Visual Evoked Potential (VEP) Explained
How VEP works
A light stimulus provided by a computer monitor or ganzfeld bowl is received by the retinal cells of the eye. The electric potential travels from the retina to the visual cortex of the brain. Electrodes placed on the occipital lobe record the resulting electrical activity within the visual cortex.
What VEP tells us
Abnormalities in the VEP indicate potential distruptions in the visual pathway. VEP can help to detect the causitive mechanism of visual deficits.
- It is useful as a test of the visual pathway as a whole.
- Normal VEP indicates that visual information is successfully transmitted to the brain’s visual cortex for interpretation.
- Abnormalities may indicate issues with the transmission from the eye to the visual cortex.
VEP testing provides functional and objective data
VEP is a non-invasive measure of the electrophysiological responses of the brain to visual stimuli. VEP testing provides objective and recordable functional information even for non-cooperative, non-verbal, or unconscious patients.
Although imaging technology like MRI continues to advance, VEP is regarded as a valuable tool to help detect occult lesions within the visual pathway, and most especially within the optic nerve.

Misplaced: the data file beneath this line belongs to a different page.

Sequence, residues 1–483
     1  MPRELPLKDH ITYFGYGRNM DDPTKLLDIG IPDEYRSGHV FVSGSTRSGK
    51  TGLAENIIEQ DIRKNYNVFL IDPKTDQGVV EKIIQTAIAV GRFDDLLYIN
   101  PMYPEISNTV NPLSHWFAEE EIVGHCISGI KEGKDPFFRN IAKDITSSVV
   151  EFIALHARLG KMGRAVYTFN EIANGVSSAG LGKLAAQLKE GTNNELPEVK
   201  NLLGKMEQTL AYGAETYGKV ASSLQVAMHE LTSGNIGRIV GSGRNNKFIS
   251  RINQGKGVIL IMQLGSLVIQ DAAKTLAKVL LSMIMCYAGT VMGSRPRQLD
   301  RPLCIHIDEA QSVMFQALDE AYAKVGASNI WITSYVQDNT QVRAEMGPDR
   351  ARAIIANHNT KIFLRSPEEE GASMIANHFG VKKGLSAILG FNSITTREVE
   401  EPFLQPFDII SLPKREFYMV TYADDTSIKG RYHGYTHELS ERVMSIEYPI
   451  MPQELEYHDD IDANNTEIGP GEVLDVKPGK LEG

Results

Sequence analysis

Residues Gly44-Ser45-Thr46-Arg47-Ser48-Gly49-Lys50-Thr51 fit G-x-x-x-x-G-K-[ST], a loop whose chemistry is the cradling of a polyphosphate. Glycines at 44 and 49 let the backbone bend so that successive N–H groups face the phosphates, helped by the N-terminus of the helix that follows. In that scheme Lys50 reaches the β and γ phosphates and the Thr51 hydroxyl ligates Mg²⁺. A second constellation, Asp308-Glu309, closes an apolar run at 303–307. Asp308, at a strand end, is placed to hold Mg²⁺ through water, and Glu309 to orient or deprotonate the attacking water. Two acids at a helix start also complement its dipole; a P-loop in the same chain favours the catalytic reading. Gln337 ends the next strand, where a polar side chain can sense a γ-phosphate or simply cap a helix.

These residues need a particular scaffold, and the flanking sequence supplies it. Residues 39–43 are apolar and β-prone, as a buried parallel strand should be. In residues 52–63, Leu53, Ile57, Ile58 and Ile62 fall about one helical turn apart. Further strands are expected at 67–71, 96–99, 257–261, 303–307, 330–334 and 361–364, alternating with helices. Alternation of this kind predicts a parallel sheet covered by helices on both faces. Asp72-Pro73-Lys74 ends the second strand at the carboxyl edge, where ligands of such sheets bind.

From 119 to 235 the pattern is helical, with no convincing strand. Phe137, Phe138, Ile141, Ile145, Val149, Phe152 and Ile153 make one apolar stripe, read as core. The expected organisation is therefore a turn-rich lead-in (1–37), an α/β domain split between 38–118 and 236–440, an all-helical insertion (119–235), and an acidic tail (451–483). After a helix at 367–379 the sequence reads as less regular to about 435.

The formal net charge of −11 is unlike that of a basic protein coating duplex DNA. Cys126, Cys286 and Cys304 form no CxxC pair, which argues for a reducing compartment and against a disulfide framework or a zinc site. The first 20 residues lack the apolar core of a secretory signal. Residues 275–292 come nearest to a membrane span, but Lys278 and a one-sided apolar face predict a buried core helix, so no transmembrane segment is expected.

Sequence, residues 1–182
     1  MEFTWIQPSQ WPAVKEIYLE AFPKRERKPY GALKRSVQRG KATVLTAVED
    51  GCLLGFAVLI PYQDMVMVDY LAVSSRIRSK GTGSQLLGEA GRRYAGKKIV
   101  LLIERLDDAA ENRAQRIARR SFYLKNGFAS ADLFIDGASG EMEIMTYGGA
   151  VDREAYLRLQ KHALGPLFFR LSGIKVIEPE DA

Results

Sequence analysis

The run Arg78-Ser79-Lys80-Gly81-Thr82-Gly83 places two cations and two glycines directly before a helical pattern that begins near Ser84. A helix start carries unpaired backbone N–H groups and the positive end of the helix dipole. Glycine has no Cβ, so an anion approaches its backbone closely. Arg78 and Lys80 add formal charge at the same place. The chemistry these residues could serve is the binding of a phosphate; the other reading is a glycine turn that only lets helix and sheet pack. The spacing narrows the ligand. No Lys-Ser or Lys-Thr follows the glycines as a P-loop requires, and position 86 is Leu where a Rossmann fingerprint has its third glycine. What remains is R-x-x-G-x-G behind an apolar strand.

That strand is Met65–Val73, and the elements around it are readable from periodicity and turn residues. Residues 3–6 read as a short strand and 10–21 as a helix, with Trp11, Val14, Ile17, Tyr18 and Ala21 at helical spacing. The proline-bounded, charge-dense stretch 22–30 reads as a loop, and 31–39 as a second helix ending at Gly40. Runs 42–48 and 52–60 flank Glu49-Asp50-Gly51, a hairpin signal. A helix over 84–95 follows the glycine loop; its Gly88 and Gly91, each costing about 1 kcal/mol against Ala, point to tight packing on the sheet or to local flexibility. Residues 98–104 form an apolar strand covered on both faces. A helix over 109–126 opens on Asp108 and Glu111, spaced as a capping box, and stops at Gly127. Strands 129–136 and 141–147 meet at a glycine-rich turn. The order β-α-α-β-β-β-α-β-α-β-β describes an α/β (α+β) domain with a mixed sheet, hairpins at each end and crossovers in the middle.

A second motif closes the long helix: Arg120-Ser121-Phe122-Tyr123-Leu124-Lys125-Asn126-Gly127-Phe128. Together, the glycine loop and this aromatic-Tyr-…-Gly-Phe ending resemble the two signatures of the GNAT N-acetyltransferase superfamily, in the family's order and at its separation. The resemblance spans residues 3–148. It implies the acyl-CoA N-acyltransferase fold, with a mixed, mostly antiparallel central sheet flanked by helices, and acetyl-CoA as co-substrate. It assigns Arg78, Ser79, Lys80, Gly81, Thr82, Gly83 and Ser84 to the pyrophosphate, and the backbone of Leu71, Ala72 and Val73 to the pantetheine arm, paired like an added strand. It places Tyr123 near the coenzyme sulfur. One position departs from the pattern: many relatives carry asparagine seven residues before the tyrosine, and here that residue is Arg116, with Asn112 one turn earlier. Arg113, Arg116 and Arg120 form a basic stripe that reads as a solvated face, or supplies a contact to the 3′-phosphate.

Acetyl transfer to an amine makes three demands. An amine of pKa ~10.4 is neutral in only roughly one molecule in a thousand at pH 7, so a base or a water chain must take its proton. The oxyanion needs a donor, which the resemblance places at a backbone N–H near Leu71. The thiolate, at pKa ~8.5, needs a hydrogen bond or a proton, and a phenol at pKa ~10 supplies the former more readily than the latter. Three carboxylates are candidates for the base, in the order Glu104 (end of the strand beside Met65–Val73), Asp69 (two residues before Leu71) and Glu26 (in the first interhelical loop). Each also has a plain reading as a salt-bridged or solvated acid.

Why conduct VEP testings?
VEP is an objective test of visual function. Numerous syndromes and anomalies can affect the VEP, including optic neuritis, multiple sclerosis (MS), tumors, traumatic injuries, infections, and toxic agents. Interpretation of the VEP abnormalities can help differentiate between possible types of underlying pathologies.
Clinical Applications of VEP
VEP, as an aid in diagnosis and disease management, is clinically valuable to clinicians in the determination of neurological deficits causing vision issues — even when imaging is unreliable or inconclusive, or when symptoms appear to be subjective only. Likewise, VEP can be used to track functional recovery after an acquired or traumatic neurological event.
VEP testing can therefore be used to assess:
- Misrouting in the optic nerve fibers (e.g. albinism)
- Toxic or nutritional optic nerve dysfunctions
- Optic neuritis suspects (resulting from demyelination e.g. multiple sclerosis)
- Recovery from a range of optic pathway dysfunction
- Cortical blindness due to meningitis or anoxia
VEP testing can also be used to:
- Distinguish between inflammation and other optic neuropathies
- Quantitatively ascertain visual system function and optic pathways due to head trauma
- Help detect orbital tumors compressing the optic pathway
- Monitor for potential optic nerve gliomas in patients with neurofibromatosis
- Monitor cerebral function of patients in operating rooms or intensive care
3 Types of VEP Tests
Different visual stimuli have been designed to produce different types of VEP results. In general, the clinically most used types of VEP testing are pattern-reversal VEP (PVEP or PRVEP), pattern-onset VEP, and flash VEP. Pattern-reversal stimulation is the gold standard for VEP testing, with the most consistent timing and waveform. On the other hand, pattern-onset VEP and flash VEP are more commonly used for patients who cannot fixate such as infants.
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